Since I can't seem to get myself to write an all out, well-constructed post while I'm on vacation, I thought I'd point readers to this Op-Ed in the NYTimes.
It's one of those thingys where the Times publishes an Op-Ed piece, and then asks for readers' responses, which it publishes on Sunday, with a response by the original author.
This one is about Obamacare, and the Affordable Care Act, and how the exchanges set up to help people find coverage are wonderful, and how could those evil Republicans oppose this, and there are many examples of this system working, etc. (I'm a registered Democrat, BTW).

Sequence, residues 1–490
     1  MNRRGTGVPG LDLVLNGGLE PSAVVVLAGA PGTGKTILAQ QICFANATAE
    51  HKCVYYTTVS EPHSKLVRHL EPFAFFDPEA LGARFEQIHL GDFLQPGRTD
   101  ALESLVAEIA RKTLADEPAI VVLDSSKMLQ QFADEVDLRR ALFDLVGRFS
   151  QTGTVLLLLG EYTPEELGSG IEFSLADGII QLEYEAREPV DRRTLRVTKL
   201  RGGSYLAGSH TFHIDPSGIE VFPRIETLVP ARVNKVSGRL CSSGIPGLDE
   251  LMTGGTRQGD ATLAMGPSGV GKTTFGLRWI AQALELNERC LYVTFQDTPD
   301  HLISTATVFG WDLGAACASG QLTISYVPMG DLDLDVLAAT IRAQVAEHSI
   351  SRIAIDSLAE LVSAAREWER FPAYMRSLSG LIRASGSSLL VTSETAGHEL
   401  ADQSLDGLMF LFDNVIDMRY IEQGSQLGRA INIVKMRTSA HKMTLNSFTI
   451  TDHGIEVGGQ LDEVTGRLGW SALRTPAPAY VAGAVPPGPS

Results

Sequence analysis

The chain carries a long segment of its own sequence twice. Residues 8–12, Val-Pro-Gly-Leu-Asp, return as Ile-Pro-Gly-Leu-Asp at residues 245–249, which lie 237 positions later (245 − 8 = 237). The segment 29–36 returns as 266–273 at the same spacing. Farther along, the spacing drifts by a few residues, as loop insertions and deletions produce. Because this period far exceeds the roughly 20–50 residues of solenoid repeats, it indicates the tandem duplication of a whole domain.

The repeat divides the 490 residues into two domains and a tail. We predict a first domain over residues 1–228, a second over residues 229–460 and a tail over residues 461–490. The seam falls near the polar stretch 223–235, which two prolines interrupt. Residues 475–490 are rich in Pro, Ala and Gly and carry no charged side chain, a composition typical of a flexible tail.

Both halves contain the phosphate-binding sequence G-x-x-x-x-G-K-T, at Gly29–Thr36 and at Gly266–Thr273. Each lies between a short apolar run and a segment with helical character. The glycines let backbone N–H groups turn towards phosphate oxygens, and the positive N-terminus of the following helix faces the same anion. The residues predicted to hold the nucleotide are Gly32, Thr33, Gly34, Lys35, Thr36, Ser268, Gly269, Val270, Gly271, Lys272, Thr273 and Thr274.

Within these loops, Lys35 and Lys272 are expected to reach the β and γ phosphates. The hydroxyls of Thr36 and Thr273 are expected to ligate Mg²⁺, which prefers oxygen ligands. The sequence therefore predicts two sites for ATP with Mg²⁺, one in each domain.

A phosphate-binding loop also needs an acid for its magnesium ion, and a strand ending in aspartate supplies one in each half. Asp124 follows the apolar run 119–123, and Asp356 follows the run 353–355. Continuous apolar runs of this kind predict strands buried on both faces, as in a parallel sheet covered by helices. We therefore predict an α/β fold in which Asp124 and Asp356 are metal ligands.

Most of it fell out on the side of: the ACA is going to have a rocky start, but in the long run it'll be great because everyone will have access to health insurance.
I really don't know how the ACA is going to play out. Maybe it'll really help people get insurance coverage. What struck me, though, is the way everyone is all excited about health insurance, and no one is talking about health care.
Yay! Everyone will have access to health insurance. Boo! Many doctors won't accept the insurance because of the Byzantine bureaucracy and the paltry reimbursement. Boo! Doctors who do accept insurance will be bombarded by overwhelming numbers of patients with shiny new health plans.
Coverage is not synonymous with Care.